Rotala: A New Aquatic Invader in Southern Florida
Rotala infesting a flood control canal in Naples, Florida
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How to Cite

Gettys, Lyn A., and Carl J. Della Torre. 2014. “Rotala: A New Aquatic Invader in Southern Florida: SS-AGR-376/AG381, 4/2014”. EDIS 2014 (4). Gainesville, FL.


Rotala is a relative newcomer to Florida. Since it was first found in Coral Springs in 1996, it has established large, but mostly isolated, populations throughout the southern regions of Florida. It is especially problematic in Lee and Collier Counties and along the west coast. Extremely dense submersed populations and large thick mats dominate the surface of the water, greatly reducing ecosystem services, because oxygen level and light penetration are hampered. Because the rapid and vigorous growth of rotala inhibits water flow, the ability of infested canals to function properly in flood control systems is greatly hindered. Management of this aquatic weed is a major concern for resource managers. This 4-page fact sheet was written by Lyn A. Gettys and Carl J. Della Torre III, and published by the UF Department of Agronomy, April 2014.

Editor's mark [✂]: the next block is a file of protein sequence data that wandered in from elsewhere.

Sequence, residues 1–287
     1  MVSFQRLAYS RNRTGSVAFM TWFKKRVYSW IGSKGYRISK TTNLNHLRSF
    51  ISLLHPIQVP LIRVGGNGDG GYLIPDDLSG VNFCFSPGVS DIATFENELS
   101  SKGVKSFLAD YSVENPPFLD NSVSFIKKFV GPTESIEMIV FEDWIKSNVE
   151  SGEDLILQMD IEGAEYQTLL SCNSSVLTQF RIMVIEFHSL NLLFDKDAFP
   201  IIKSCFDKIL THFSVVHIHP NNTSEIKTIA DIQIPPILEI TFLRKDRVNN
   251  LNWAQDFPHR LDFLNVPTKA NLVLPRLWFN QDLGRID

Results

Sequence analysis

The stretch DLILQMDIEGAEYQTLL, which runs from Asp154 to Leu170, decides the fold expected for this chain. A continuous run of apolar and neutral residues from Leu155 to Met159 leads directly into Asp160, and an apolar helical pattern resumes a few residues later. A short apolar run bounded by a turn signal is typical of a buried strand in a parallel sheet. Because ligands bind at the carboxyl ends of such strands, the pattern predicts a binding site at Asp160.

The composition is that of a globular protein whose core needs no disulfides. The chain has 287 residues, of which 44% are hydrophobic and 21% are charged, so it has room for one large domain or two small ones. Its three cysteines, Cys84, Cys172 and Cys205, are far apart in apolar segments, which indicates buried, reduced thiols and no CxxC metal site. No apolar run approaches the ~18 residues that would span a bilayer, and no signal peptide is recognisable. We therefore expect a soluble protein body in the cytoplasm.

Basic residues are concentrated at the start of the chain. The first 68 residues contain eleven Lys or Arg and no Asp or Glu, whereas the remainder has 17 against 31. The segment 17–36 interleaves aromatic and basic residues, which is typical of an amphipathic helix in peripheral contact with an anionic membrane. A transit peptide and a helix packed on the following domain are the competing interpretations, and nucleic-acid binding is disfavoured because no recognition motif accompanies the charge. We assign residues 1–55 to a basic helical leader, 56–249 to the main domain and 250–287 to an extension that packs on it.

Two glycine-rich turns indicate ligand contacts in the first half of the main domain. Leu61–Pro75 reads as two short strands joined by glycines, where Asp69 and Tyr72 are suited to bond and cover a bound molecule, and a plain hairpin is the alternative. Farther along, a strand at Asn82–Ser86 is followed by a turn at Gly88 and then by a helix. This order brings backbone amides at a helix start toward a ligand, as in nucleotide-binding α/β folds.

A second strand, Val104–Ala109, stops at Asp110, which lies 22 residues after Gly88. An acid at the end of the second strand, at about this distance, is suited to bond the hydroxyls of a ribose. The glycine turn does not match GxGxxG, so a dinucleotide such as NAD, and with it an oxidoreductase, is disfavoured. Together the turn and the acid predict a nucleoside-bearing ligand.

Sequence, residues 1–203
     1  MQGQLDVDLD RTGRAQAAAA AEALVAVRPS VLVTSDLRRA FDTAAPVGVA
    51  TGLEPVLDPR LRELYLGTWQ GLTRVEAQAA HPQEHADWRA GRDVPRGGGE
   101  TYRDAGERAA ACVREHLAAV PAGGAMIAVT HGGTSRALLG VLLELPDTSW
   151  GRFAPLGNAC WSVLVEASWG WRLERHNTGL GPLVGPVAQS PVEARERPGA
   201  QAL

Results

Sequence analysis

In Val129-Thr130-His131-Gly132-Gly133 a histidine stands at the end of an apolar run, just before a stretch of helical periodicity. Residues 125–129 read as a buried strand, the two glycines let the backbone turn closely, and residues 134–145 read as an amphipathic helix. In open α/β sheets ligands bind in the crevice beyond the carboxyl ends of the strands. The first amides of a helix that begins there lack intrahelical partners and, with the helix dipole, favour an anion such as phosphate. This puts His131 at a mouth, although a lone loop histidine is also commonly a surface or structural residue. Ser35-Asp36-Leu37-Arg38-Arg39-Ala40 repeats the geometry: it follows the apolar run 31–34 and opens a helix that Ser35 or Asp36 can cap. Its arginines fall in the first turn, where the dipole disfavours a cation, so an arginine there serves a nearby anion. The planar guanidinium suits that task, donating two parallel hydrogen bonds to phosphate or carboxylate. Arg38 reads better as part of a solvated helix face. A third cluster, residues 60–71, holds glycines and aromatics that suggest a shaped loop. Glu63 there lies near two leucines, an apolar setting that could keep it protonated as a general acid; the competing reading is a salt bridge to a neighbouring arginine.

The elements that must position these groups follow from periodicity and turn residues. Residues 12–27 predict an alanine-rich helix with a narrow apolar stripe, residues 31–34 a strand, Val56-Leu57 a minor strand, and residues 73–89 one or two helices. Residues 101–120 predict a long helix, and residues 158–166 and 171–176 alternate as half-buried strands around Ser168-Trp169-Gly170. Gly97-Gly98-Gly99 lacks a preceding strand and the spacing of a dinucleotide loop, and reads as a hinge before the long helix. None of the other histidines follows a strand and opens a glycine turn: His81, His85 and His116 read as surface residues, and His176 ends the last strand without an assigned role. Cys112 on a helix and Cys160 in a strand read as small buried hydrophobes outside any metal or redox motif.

SS-AGR-376/AG381: Rotala: A New Aquatic Invader in Southern Florida (
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